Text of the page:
International Agreements on Climate Change: A GCSE Overview
Climate change is a significant challenge facing our planet today. It affects everyone, regardless of geographic location, socioeconomic status, or age. As GCSE students learn about the causes and impacts of climate change, it is important to also understand the international agreements that have been put in place to combat this issue.
The United Nations Framework Convention on Climate Change (UNFCCC) was established in 1992 as a response to the growing concern over global warming. The goal was to prevent dangerous interference with the climate system and to stabilize greenhouse gas concentrations in the atmosphere.
The UNFCCC set the stage for future international agreements on climate change. One such agreement is the Kyoto Protocol, which was adopted in 1997 and came into force in 2005. The Kyoto Protocol requires developed countries to reduce their greenhouse gas emissions by an average of 5.2% below 1990 levels over the period 2008-2012.
Another significant agreement is the Paris Agreement, which was adopted in 2015 and came into force in 2016. Unlike the Kyoto Protocol, the Paris Agreement does not set binding emission reduction targets for countries. Instead, it sets out a framework to limit global temperature rise to well below 2 degrees Celsius above pre-industrial levels, with efforts to limit the temperature increase to 1.5 degrees Celsius.
Under the Paris Agreement, countries are required to submit nationally determined contributions (NDCs) outlining their climate targets and actions. These NDCs are intended to be ambitious and reflect a country’s highest possible efforts to tackle climate change.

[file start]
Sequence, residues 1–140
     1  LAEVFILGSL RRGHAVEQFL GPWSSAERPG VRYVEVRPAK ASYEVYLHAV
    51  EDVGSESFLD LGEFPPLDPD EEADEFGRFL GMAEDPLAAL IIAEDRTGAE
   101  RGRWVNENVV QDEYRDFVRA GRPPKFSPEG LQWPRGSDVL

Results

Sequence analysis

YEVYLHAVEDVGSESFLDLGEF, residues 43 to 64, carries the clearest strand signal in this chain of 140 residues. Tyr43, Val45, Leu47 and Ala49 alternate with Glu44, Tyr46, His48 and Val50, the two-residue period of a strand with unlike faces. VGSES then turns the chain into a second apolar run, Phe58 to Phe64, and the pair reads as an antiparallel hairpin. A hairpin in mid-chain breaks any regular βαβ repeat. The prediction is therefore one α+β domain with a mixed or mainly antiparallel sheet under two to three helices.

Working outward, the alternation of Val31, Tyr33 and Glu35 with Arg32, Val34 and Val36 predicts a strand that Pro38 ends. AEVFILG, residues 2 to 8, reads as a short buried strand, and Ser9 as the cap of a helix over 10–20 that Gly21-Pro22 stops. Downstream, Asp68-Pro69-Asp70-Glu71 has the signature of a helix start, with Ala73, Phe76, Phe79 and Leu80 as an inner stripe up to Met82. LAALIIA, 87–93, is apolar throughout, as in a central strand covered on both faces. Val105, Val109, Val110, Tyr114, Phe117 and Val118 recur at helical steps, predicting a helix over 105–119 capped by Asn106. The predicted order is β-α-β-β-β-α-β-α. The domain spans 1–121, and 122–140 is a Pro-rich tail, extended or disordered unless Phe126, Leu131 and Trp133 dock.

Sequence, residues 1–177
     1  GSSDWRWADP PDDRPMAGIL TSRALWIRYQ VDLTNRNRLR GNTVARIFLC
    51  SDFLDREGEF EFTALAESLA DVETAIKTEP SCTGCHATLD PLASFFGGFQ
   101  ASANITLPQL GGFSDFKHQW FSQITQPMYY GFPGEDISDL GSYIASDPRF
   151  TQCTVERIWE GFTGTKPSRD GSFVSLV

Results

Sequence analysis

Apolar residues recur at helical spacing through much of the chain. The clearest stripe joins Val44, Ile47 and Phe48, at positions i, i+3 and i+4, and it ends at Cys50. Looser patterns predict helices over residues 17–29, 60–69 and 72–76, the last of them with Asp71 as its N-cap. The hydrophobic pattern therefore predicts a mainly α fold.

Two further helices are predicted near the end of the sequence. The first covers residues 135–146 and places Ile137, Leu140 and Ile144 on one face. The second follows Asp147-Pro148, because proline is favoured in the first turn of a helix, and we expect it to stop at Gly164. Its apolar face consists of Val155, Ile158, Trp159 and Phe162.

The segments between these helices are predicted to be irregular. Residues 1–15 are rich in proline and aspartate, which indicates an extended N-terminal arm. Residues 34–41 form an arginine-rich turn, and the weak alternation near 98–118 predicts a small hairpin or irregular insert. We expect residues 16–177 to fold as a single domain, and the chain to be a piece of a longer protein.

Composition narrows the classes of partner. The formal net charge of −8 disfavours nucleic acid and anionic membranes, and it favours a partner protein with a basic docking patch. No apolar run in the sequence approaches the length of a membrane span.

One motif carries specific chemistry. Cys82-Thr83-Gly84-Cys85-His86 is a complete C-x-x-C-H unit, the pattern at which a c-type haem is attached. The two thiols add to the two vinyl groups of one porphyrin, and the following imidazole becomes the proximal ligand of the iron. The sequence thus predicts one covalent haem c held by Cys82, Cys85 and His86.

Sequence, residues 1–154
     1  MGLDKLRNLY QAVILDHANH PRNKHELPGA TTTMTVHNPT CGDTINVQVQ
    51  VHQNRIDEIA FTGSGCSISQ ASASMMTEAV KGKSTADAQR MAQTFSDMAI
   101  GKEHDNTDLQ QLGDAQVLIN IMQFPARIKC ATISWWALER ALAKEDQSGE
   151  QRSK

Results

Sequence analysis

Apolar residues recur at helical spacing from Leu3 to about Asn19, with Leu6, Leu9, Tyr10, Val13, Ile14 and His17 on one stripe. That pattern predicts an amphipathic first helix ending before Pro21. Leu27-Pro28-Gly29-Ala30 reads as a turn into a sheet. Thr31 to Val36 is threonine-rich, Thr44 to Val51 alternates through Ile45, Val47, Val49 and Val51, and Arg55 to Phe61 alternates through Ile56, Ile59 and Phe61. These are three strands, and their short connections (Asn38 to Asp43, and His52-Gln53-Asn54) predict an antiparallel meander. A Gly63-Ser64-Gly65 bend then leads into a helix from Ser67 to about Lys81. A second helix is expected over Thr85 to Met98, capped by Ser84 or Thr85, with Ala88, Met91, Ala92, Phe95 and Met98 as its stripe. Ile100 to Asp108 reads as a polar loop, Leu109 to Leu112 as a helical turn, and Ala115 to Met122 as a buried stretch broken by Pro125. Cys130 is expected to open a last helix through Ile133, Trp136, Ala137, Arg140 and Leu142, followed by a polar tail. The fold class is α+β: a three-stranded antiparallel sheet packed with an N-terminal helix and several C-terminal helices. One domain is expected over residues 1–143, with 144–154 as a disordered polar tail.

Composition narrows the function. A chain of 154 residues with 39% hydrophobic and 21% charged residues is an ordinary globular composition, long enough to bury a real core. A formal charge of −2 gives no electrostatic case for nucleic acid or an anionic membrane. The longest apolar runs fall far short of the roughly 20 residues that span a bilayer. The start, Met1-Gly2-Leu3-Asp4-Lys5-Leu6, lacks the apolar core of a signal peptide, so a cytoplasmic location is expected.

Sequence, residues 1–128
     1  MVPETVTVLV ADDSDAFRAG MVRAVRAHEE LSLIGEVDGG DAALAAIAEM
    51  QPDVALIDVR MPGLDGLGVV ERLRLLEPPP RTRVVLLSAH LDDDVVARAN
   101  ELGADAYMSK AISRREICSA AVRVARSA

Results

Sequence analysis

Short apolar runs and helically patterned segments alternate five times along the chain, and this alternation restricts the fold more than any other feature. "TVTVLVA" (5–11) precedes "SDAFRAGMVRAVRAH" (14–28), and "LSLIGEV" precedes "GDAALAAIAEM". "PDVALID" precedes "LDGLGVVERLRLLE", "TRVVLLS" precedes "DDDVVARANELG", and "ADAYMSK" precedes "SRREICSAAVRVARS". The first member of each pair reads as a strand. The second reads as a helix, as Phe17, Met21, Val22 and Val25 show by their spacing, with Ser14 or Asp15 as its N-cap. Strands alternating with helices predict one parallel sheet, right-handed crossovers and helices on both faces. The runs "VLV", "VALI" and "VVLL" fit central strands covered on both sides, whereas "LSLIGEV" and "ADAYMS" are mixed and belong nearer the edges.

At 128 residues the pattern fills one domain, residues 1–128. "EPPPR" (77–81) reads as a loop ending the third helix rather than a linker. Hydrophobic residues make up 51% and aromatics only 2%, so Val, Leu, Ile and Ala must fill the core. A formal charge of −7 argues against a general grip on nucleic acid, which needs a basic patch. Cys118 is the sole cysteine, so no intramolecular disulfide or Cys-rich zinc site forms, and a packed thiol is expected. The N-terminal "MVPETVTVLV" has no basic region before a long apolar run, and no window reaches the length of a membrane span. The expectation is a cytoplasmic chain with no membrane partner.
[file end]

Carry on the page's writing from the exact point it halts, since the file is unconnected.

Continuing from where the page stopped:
In addition to these agreements, there are also regional and bilateral agreements on climate change. For instance, the European Union Emissions Trading System (EU ETS) is a regional agreement that seeks to limit greenhouse gas emissions from the power sector. Meanwhile, the United States and China, two of the world`s largest emitters, signed a bilateral agreement in 2014 committing to reduce their emissions and increase the use of renewable energy.
These international agreements on climate change are crucial for addressing the global challenge of climate change. However, they are just the beginning. It is essential to continue working towards stronger commitments and to take action at the local and individual levels. GCSE students can play a significant role in bringing about change by learning about this issue and working towards a sustainable future.
In conclusion, climate change is a complex issue that requires global cooperation and action. International agreements such as the UNFCCC, Kyoto Protocol, and Paris Agreement have been put in place to address this issue, but we must continue striving for stronger commitments and actions. As GCSE students, it is our responsibility to learn about this issue and take action towards a sustainable future.